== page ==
(age at the date of return)

Puglia

Puglia is a region steeped in white-gold beaches, walled clifftop cities and swathes of ancient olive groves – and yet it’s largely untouched by tourism.

This sleepy region is the rising star of the Italian south. The south-eastern stripe of Italy is where you’ll find some of the best examples of southern baroque architecture. Gold-hued Lecce is nicknamed the Florence of the South. An ivory-white cathedral watches over the harbour in Trani. And Gallipoli pairs beach clubs with renowned seafood ristorantes (the local lobster is a must-try). Just don’t forget the town of Alberobello – a UNESCO World Heritage Site with a distinctive skyline of conical-roofed trulli.

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Polignano a Mare

The centre of this large region is characterised by the fertile Murgia plateau which forms a gently rolling landscape dotted with olive groves.

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City of Lecce

Salento is the name given to the southernmost peninsula of Puglia where the Itria Valley ends and is home to some pretty whitewashed towns such as Gallipoli and Ostuni.

Puglia is a fantastic region to explore by car, driving past the olive groves and hidden beach clubs before stopping for a bit to eat in a seaside restaurant. Here are our top places to visit while in Puglia:

Bari

This busy port town is steeped in history and full of culture. Gaze out at the sea and watch the fishermen bring in their catch, walk through the old town past artisan workshops and nonnas making orecchiette pasta, and enjoy lunch in an unfussy trattoria.

Locorotondo

This is one of Puglia’s prettiest towns, with whitewashed buildings clustered around little piazzas and streets that give way to panoramic views over the Valle d’Itria.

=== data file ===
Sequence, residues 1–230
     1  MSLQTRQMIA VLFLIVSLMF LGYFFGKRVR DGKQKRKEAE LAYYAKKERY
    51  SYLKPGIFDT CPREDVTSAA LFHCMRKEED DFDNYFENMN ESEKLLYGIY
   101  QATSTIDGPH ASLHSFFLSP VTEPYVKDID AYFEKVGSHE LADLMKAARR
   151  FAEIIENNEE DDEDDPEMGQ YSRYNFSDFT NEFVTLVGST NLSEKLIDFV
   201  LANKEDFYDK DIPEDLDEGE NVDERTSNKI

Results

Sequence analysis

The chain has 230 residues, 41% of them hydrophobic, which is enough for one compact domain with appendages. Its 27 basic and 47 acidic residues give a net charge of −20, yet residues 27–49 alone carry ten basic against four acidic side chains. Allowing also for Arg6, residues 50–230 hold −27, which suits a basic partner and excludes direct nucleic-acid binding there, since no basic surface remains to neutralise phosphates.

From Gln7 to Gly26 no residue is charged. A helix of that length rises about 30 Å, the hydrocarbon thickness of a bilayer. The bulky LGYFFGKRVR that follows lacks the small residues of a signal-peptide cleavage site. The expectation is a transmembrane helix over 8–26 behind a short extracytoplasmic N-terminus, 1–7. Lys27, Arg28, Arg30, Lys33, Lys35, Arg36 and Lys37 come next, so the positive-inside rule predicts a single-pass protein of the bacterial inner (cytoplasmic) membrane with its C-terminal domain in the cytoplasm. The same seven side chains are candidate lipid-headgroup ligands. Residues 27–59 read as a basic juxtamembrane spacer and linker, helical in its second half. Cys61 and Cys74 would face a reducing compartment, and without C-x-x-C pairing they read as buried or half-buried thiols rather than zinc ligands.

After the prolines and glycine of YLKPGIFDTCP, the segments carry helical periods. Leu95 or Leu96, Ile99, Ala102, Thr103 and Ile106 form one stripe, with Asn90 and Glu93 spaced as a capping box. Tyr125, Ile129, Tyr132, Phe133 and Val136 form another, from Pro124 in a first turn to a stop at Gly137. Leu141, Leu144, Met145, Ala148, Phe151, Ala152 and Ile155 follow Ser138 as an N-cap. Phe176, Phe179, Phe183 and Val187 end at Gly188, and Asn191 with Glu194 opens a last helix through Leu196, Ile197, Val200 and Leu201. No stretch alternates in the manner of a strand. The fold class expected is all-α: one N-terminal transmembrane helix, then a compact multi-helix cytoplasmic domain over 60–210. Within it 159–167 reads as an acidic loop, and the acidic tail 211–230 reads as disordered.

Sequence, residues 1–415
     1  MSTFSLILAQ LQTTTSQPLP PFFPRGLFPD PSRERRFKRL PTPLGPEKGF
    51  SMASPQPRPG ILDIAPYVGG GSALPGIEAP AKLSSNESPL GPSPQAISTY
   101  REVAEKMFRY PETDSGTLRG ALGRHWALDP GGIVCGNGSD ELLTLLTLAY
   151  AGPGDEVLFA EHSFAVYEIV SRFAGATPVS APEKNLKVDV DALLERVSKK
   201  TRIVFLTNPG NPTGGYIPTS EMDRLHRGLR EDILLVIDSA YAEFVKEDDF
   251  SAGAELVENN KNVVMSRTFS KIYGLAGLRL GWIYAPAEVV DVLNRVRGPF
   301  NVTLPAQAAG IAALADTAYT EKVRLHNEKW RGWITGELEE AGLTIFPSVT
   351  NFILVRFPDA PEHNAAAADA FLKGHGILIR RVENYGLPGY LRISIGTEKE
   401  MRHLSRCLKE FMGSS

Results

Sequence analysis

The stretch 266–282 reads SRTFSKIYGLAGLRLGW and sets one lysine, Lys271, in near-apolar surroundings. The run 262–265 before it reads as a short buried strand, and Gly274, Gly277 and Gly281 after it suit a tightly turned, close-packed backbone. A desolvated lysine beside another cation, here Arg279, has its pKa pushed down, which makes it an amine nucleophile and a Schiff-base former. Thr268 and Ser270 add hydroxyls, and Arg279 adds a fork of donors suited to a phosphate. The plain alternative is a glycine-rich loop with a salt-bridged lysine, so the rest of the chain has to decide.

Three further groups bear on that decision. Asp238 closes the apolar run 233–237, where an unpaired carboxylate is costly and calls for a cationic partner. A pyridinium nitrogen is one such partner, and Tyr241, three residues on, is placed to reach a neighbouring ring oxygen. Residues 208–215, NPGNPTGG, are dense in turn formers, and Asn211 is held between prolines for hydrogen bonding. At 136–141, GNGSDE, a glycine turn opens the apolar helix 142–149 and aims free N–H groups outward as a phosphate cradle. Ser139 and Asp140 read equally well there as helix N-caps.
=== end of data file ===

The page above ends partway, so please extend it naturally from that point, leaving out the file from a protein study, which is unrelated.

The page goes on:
Polignano a Mare

Polignano a Mare is a lively seaside town built into the cliffside with superb sea views, some of the best gelaterias in Puglia and tucked-away coves that are perfect for sunbathing.

Castellana Caves

Take a guided tour through these impressive limestone caves. The journey spans three kilometres through extraordinary sights of stalactite and stalacmite formations.

Lecce

Known as the ‘Florence of the South’, Lecce is filled with stunning baroque architecture and over 2,000 years of history to explore.

Alberobello

A UNESCO-protected site, Alberobello’s unique landscape of trulli houses makes it a popular tourist attraction. This pretty town is a pleasure to wander around, ducking in and out of the conical-roofed buildings that have been turned into bars, cafés and shops.

Puglia is predominately an agricultural region, with its countryside of rolling hills producing wine, olive oil and durum wheat used to make pasta. The warm Mediterranean climate and miles of coastline mean you’ll find simple yet tasty cuisine everywhere you go. Must-try foods include orecchiette served with fresh vegetables, burrata (an incredibly soft type of mozzarella) and just-caught fish in towns like Otranto and Gallipoli.

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